Great initiative to stay relevant in the community!

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I AM A {SOCIAL} LIBRARIAN infographic - Free download!

I AM A {SOCIAL} LIBRARIAN infographic - Free download! | The Information Professional | Scoop.it
Download, embed and share The Social Librarian infographic. The social librarian is enmeshed in the fabric of the Internet of Things as curator, educator, filter and beacon.

 

"Social today means so much more than sending a tweet or posting to Facebook. The social librarian is enmeshed in the fabric of the Internet of Things as curator, educator, filter and beacon. In this complex, dynamic and demanding environment, librarians are extending themselves and empowering library users.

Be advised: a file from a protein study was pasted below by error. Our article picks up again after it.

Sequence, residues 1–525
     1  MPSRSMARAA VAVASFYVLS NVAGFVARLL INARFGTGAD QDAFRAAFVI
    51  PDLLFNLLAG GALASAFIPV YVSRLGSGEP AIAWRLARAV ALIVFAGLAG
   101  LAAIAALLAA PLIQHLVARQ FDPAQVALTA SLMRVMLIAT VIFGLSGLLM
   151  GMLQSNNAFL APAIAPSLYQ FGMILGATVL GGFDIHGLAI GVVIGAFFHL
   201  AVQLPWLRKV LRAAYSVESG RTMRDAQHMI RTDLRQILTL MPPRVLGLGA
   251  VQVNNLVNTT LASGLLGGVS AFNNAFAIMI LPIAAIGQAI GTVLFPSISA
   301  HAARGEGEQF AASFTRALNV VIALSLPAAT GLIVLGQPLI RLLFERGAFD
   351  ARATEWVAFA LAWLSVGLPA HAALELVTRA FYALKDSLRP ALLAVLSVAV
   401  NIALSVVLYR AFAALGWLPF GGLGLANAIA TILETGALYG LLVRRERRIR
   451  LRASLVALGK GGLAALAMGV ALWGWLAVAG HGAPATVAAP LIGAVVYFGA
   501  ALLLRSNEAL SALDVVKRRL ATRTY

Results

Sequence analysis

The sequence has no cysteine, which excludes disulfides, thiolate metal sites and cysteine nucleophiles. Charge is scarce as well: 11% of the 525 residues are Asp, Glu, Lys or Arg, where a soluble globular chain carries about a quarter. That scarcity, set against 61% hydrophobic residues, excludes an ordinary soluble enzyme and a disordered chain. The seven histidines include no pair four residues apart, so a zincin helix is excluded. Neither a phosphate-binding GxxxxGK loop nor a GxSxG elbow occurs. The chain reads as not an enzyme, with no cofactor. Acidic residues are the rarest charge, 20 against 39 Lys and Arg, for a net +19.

In recognition of this, Elsevier's Library Connect Newsletter (@library_connect) and Joe Murphy (@libraryfuture), Librarian & Technology Analyst/Trend Spotter, offer up a visual portrait of The Social Librarian, and invite you to download and post, share on your social streams, and discuss with your library stakeholders.

- See more at: http://libraryconnect.elsevier.com/articles/supporting-users-organizations/2013-08/i-am-social-librarian-infographic-free-download#sthash.fk55XRbU.dpuf

 

Karen du Toit's insight:

The Social Librarian = Future Librarian!

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nickcarman's curator insight, August 29, 2013 11:37 PM

A great infographic which shows the skills and attributes a modern librarian ought to encompass.

Lisa Oldham's curator insight, August 30, 2013 12:40 PM

Important thinking for the future of sustainable libraries

Gai Dennett's curator insight, September 26, 2013 7:45 PM

New age Teacher Librarian roles outlined here